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Predictors of emotional, psychological, and social well-being during COVID-19: The effects of extraversion, adherence to social distancing measures, and gender on well-being in times of corona.

Labes, N. (2021) Predictors of emotional, psychological, and social well-being during COVID-19: The effects of extraversion, adherence to social distancing measures, and gender on well-being in times of corona.

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Abstract:Prior to the COVID-19 pandemic, extraversion was labeled one of the strongest predictors of well-being. In times of the pandemic, it is unclear whether extraverts experience higher or lower levels of emotional, psychological, and social well-being than introverts. The overarching aim of this longitudinal study was to investigate the effect of extraversion on emotional, psychological, and social well-being in times of corona (1). Subsequent aims were to examine to which extent the adherence to social distancing measures mediates the relationships between extraversion and emotional, psychological, and social well-being (2), and to which extent gender moderates these relationships (3). The data were taken from the LISS panel. The sample consisted of 440 Dutch participants. Extraversion significantly predicted increased emotional, psychological, and social well-being during the pandemic (1). There was no mediating effect of adherence on the relationships between extraversion and the three dimensions of well-being (2). Gender did not moderate the relationships between extraversion and emotional, psychological, or social well-being (3). It was found that higher levels of extraversion are a consistent predictor of well-being. Extraversion appears to predict emotional well-being to a somewhat smaller extent than psychological and social well-being. With extraversion-introversion in mind, future research could identify specific risk factors for decreased levels of well-being, based on which measures to protect the population’s well-being could be taken.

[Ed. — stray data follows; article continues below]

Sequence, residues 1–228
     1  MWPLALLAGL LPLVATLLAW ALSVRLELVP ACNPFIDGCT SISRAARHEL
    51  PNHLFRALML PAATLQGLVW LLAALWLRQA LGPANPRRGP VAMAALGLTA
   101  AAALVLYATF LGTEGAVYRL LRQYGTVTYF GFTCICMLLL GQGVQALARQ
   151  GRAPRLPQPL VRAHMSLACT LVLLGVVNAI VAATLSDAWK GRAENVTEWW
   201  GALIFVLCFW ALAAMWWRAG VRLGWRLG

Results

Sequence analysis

Item Type:Essay (Master)
Faculty:BMS: Behavioural, Management and Social Sciences
Programme:Psychology MSc (66604)
Link to this item:http://purl.utwente.nl/essays/87819
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